The pyramid principle: Logic in writing
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Top customer reviews
This one; The Pyramid Principle: Logic in Writing and Thinking written in 1985. Pearson published it in 1987, for sale only outside the US. They had first dibs on the second book but turned it down. Then, when the second book became popular, they gussied up the exhibits on the first book and slapped a current date on it. But it is still the 1985 edition.
The one you actually want; The Minto Pyramid Principle: Logic in Writing, Thinking and Problem Solving. First published in 1996, it is 12 chapters and three appendices vs 9 chapters and 1 appendix and the examples are a bit more up to date.
It wasn't apparent from the information on Amazon that there are 2 versions of the book but having now seen them both I regret purchasing this one (the Pearson / FT Prentice Hall edition). Do yourself a favour and buy the correct version. If you write reports of any kind you'll find it very helpful.
This book has transformed the way i write emails, presentations and even contract my sentences!
In a way engineers are ideal for applying this book: they have been trained to be logical, follow instruction and be rigorous. They now know they have not been to be to the bottom of an technical issue until they can reach this level of clarity. They also realize they do not need to inflict the same pain to the reader as what they had to go through to get to the right answer !
Unexpected difficult to read but very gratifying although requires iron self-discipline to apply the methodology.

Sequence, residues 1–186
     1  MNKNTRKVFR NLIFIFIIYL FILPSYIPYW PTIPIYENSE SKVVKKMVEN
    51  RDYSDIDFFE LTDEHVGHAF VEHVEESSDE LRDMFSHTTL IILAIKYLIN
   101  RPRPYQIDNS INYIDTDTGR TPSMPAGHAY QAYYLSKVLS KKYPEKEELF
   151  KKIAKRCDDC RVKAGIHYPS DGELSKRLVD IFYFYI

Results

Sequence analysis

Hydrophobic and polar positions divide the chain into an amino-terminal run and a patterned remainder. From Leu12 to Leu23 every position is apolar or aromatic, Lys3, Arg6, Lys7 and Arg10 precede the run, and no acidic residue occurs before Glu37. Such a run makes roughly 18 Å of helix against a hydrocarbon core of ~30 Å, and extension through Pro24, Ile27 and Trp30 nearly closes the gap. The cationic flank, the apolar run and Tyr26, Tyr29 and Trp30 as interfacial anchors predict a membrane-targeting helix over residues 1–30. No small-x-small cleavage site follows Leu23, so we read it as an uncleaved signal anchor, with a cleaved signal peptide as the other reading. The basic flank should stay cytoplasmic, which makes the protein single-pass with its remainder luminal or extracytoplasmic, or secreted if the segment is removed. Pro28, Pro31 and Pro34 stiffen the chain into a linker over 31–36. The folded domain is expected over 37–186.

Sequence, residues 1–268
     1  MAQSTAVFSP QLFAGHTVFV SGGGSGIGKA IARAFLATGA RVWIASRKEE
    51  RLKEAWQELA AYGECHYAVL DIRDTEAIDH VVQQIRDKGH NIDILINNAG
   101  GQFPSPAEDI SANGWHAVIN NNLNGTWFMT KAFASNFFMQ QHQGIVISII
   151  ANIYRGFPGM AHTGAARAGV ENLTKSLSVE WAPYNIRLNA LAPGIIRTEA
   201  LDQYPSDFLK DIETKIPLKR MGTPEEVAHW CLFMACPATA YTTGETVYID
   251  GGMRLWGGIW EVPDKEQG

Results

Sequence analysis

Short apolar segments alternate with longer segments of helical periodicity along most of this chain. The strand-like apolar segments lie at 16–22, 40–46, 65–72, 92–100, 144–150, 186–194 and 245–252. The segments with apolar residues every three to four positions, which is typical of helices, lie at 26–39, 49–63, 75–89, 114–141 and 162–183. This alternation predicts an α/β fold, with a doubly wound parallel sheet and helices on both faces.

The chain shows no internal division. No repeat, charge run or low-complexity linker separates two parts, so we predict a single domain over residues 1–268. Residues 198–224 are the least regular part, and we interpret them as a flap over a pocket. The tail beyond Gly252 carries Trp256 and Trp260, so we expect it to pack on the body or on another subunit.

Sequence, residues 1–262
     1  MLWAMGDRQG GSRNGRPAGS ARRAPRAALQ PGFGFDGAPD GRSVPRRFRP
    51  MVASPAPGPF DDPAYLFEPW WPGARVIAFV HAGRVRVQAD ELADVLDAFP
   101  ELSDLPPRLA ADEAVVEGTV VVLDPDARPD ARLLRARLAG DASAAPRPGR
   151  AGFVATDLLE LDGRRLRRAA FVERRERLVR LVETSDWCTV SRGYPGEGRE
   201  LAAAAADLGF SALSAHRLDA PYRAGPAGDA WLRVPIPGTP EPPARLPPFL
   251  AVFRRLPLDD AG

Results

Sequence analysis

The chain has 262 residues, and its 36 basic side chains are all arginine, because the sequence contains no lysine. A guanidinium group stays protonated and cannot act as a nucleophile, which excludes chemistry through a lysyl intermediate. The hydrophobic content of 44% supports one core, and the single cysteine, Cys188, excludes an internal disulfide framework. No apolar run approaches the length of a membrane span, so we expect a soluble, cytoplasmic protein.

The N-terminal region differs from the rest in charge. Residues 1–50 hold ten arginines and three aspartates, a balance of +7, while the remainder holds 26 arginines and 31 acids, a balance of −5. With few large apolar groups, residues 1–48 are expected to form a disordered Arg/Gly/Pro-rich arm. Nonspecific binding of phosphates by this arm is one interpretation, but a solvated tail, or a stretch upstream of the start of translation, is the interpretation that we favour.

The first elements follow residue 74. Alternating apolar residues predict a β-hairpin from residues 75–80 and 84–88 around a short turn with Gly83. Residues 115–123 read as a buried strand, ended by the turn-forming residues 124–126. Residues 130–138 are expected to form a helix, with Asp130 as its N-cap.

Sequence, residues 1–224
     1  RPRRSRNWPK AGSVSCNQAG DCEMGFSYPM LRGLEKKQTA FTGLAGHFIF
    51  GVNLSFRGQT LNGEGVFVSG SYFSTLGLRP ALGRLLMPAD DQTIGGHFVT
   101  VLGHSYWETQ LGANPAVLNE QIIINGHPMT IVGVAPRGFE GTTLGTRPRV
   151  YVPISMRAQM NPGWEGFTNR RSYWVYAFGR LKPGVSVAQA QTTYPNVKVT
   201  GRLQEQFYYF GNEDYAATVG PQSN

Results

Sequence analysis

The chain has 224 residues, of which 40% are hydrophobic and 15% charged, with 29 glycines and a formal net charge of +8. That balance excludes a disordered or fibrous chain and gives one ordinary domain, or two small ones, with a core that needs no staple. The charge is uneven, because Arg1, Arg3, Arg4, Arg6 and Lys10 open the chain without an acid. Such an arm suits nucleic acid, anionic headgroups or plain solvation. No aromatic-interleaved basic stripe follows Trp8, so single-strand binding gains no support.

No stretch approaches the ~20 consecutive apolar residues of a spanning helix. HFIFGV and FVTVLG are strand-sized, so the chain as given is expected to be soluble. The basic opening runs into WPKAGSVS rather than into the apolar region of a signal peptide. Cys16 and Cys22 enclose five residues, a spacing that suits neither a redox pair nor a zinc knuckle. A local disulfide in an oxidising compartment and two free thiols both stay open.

The basic premise of the book is to introduce some standard consulting tools for structuring thinking and writing
- the pyramid principle of organising your thoughts and summarising up front (drawing the conclusion for the reader from the start) rather than at the end and presenting directive supporting arguments later;
- the situation, complication resolution (question-answer) structure;
- the MECE (mutually exclusive, collectively exhaustive) way of organising thinking.
All of these are occasionally useful - dealing with relatively straightforward problems in situations with little dynamic complexity, and exclusively for business type writing. While it is the natural inclination of a consultant to be strongly prescriptive (thou shall do this or that) and while inductive reasoning is preferable (as one can hide weak arguments better that way) this is not an approach that will always work with clients (or in a non-consulting corporate environment), and is certainly not something that will help you writing academic publications, or help you in fiction writing at all - in fact one needs to throw all the advice given here overboard before attempting any of these latter two.
In terms of style it is also very strongly reflects Minto's background - strongly prescriptive, not seriously considering any alternatives but hers, sloppy in literature research (taking the most convenient or widely read source, rather than the most profound or the original one) and relatively condescending - if you've ever worked in the industry, there is at least some entertainment value in being reminded of it (if you've just faced it from the receiving end as a client, I am sure it will produce groans).
On a final note, a book on clear writing and organising thinking logically, should read well and the points made should immediately jump out at the reader and stick with him. Here Minto falls short on both counts - having had several years of consulting behind me I still found it very tedious to follow (in spite of knowing the content relatively well) - if not exactly difficult (there is no attempt to make this a research supported scientific treatise), and the lack of chapter summaries at the end (and corresponding blankness on what exactly she was trying to convey in the specific chapter) directly negates the pyramid principle of writing for the application presented - a 'how to' guide.
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